He met Ken Irwin, co-founder of Rounder Records, at SXSW. They stayed in touch, and Cleaves’ fourth album, 1997’s No Angel Knows, came out on Rounder’s Philo subsidiary. It made a very small splash.

“I had the slow realization that what I was doing wasn’t good enough,” Cleaves allows. “That first Rounder album got some nice reviews, but I still wasn’t drawing an audience or getting airplay. I just buckled down. I thought, ‘This next record has to be a magnitude of quality better. If this second Rounder record doesn’t change things, I have to reevaluate my life.’ We were in debt, and Karen was supporting us.

“Producer Bill Van Dornick told me, ‘You still haven’t figured it out yet, have you?’ You don’t often hear that from people; most people will tell you how great you are. He said, ‘I hear a lot of influences in your songs, but I don’t hear your voice.’ But what was my voice? It was 1999, the year of gangsta rap, not my world; grunge, not my world; Nashville country, too sweet; folk music, too tired. I said to myself, ‘I’m going to make the saddest record with the saddest songs; that will be my thing.’”

Working again with Morlix as producer, Cleaves spent more time getting each vocal just right. But it was the new album’s title track, “Broke Down,” again co-written with Picott, that broke through on radio, at least in Austin. It’s the story of a young married couple who break up over “a sink full of dishes and a love grown cold” and live to regret it. There’s no happy ending to this sad-sadder-saddest story, but the rhythmic, catchy chorus was hard to forget: “Broke down, cracked and shattered, left in pieces like it never even mattered / There’s no turnin’ round, it’s broke down.”

“I didn’t want to just stick the knife in,” Cleaves says. “I wanted to turn it. That’s what makes a song memorable, what makes it stick in someone’s memory. Thinking back to my childhood, if a song could make me cry, I’d remember it. And it worked. Instead of playing for six people, I was suddenly playing for 100.”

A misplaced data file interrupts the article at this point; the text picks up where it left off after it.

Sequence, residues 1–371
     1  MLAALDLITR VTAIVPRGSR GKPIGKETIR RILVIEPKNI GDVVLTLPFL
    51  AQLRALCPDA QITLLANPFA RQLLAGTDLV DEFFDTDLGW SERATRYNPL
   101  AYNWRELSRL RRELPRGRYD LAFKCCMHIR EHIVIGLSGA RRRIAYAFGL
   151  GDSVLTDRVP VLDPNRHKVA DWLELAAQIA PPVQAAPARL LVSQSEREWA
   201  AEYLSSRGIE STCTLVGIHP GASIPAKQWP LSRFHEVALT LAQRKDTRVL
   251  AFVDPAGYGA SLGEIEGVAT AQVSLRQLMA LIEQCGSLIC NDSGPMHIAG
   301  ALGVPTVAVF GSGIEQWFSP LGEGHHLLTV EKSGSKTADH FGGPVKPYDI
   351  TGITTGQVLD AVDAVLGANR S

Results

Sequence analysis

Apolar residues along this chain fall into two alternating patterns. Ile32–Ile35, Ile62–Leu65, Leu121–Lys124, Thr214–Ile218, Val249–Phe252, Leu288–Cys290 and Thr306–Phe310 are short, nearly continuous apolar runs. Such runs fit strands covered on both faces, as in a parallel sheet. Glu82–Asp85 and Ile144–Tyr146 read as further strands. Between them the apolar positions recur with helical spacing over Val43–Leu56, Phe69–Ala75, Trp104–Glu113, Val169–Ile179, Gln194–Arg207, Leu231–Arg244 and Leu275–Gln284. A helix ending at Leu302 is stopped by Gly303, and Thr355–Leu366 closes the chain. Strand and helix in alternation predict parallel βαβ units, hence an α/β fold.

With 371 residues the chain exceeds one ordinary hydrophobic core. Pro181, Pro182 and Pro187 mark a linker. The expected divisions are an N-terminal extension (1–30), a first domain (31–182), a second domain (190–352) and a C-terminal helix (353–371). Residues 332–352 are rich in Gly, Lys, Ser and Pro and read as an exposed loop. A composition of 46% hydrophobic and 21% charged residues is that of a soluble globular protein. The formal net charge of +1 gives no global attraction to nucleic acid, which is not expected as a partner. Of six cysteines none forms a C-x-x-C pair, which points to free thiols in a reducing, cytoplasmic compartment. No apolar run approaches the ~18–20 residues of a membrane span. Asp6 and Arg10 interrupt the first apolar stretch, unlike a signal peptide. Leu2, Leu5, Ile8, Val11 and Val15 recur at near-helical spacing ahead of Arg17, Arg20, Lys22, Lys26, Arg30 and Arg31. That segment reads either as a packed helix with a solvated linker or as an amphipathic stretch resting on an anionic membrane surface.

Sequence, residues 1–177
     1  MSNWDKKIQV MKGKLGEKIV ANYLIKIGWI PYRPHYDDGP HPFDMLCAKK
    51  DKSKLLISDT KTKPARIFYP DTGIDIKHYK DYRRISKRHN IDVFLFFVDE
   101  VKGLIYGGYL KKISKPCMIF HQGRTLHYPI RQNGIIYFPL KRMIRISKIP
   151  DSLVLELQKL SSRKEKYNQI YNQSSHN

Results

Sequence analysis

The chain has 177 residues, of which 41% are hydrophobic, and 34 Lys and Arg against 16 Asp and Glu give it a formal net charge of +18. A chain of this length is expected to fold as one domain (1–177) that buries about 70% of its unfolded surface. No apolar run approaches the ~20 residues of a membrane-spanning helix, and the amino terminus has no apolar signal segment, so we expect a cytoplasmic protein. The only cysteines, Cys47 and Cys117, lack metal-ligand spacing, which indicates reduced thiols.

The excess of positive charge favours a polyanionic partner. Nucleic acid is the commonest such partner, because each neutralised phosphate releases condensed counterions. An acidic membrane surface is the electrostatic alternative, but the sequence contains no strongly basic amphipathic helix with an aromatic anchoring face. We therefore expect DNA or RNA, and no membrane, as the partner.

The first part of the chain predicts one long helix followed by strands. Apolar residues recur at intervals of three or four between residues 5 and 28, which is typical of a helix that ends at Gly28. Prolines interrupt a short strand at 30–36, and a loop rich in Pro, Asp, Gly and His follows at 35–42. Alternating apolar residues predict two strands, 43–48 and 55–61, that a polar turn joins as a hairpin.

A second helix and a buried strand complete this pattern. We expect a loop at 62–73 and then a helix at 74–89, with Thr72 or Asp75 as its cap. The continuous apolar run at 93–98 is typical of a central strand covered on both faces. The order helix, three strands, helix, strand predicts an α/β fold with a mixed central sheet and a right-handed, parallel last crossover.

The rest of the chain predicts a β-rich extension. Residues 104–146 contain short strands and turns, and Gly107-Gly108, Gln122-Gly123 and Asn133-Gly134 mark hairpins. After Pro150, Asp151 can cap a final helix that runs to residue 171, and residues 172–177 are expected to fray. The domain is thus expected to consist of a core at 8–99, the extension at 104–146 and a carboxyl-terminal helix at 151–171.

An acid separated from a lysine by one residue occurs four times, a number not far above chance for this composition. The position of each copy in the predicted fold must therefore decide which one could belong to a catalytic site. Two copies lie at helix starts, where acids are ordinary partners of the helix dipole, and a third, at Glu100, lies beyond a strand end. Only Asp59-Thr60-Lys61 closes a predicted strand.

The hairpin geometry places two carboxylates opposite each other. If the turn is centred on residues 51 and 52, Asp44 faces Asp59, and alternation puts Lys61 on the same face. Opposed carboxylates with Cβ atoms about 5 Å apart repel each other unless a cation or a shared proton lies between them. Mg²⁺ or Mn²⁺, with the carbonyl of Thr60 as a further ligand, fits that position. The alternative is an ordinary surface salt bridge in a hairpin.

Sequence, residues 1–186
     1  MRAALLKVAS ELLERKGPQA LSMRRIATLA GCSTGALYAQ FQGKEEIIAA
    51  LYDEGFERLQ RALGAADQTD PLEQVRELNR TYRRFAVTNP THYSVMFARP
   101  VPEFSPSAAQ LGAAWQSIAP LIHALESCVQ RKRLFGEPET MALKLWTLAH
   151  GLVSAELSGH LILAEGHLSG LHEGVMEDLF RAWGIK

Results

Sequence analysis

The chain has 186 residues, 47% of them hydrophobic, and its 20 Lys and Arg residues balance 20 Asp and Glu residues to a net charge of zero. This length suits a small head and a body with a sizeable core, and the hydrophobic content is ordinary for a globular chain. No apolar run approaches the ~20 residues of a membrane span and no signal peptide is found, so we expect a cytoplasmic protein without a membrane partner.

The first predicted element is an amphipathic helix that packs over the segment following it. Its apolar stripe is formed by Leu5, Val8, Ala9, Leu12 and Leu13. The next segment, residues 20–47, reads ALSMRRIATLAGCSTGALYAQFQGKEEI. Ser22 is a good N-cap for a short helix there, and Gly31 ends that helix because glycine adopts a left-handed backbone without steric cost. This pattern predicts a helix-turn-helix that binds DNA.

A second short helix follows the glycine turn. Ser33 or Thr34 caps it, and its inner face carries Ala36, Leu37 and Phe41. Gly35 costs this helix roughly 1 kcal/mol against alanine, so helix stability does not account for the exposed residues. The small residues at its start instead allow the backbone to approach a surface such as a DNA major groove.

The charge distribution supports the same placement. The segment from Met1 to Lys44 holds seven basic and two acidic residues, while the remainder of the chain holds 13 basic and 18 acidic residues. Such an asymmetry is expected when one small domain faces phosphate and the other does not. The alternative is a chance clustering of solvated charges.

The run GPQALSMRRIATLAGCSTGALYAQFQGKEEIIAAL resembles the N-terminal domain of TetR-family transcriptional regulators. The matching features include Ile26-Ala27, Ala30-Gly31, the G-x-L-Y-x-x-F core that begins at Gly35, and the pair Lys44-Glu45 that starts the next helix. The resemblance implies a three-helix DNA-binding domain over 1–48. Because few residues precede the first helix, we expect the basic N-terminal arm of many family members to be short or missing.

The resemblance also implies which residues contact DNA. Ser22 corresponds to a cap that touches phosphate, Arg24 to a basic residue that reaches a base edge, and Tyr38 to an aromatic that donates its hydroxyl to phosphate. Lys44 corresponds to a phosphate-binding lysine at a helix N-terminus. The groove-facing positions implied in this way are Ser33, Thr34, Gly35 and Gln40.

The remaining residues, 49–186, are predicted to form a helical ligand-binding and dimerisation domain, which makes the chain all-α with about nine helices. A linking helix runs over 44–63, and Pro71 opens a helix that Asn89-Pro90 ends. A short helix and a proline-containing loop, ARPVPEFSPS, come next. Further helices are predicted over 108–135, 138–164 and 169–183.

After making four albums with Morlix and a double-disc live album, Cleaves used multiple producers on his next two projects: himself, Morlix and Charles Arthur on 2009’s Everything You Love Will Be Taken Away, and Scrappy Jud Newcomb, Lloyd Maines and Mark Mallman on 2013’s Still Fighting the War.

“Scrappy had started working for me as a guitarist shortly before,” Cleaves explains, “and I was thinking about maybe using him as a producer, too. He has access to a lot of great musicians in Austin. He’s more of a rock ’n’ roller than I ever was, but we gelled temperamentally the way I did with Gurf. Both of them respect the writer coming in with his songs; they both propose ways of handling the songs, and they’re fine with my rejecting an approach. There’s no ego.”


For 10 of the dozen songs on Through the Dark, Cleaves collaborated with various co-writers: Picott, Carroll, Terri Hendrix, Lloyd Maines, Karen Poston, Ron Coy, Duke Levine and Brian Koppelman. The results are surprisingly consistent, unified not only by a focus on the marginalized residents of Texas and Maine but also by the understated intimacy of Cleaves’ modest tenor.

“The best thing about co-writing,” Cleaves argues, “is the added perspective — having an outside pair of eyes. We see each other’s flaws and the solution before the other person can. Often we bring in nearly completed songs that we can’t seem to finish on our own. The other person can see which verses are working and which ones should be thrown out. Then we write new ones. Rod is really good about matching the language to the narrator of a song. He’ll say, ‘I can hear you say that, but I can’t hear the singer of the song saying that.’”


And that respect for the songs’ characters is key to Cleaves’ songwriting. Like the best writers in any medium — songs, novels or screenplays — he knows you have to be close enough to your subjects to know them well but distant enough to have some perspective on their ratio of flaws to virtues. Like any immigrant, he both belongs and doesn’t belong to the place he came from and to the place he came to.

“I feel like a migrant,” he admits. “Like a bird or a fruit picker, I go back and forth with the seasons. As we get older, sitting in those car seats for the hours between Austin and Cherryfield gets harder. But I take advantage of having two homes. I have a bunch of Maine songs and a bunch of Texas songs. It’s good to have such a broad choice of characters, places and cultures to pick from.”

Cover promo photo Karen Cleaves